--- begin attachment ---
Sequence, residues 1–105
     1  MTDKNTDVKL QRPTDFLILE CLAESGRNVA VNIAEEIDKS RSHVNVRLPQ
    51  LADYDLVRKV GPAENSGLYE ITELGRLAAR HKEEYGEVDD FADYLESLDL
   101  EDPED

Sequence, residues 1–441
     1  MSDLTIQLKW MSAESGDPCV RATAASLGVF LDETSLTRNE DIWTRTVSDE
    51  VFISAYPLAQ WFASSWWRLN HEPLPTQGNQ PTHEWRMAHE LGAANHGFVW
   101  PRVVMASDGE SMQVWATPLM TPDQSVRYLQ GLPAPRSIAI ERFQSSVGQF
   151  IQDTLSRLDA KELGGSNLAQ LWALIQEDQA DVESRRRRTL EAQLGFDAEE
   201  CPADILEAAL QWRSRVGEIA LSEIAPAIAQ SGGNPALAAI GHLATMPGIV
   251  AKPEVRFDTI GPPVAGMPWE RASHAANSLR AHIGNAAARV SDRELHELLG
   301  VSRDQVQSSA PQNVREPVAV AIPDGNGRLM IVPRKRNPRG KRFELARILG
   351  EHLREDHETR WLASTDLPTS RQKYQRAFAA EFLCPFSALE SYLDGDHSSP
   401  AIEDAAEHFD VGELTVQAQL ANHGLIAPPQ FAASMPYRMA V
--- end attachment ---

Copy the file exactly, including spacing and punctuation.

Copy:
Sequence, residues 1–105
     1  MTDKNTDVKL QRPTDFLILE CLAESGRNVA VNIAEEIDKS RSHVNVRLPQ
    51  LADYDLVRKV GPAENSGLYE ITELGRLAAR HKEEYGEVDD FADYLESLDL
   101  EDPED

Sequence, residues 1–441
     1  MSDLTIQLKW MSAESGDPCV RATAASLGVF LDETSLTRNE DIWTRTVSDE
    51  VFISAYPLAQ WFASSWWRLN HEPLPTQGNQ PTHEWRMAHE LGAANHGFVW
   101  PRVVMASDGE SMQVWATPLM TPDQSVRYLQ GLPAPRSIAI ERFQSSVGQF
   151  IQDTLSRLDA KELGGSNLAQ LWALIQEDQA DVESRRRRTL EAQLGFDAEE
   201  CPADILEAAL QWRSRVGEIA LSEIAPAIAQ SGGNPALAAI GHLATMPGIV
   251  AKPEVRFDTI GPPVAGMPWE RASHAANSLR AHIGNAAARV SDRELHELLG
   301  VSRDQVQSSA PQNVREPVAV AIPDGNGRLM IVPRKRNPRG KRFELARILG
   351  EHLREDHETR WLASTDLPTS RQKYQRAFAA EFLCPFSALE SYLDGDHSSP
   401  AIEDAAEHFD VGELTVQAQL ANHGLIAPPQ FAASMPYRMA V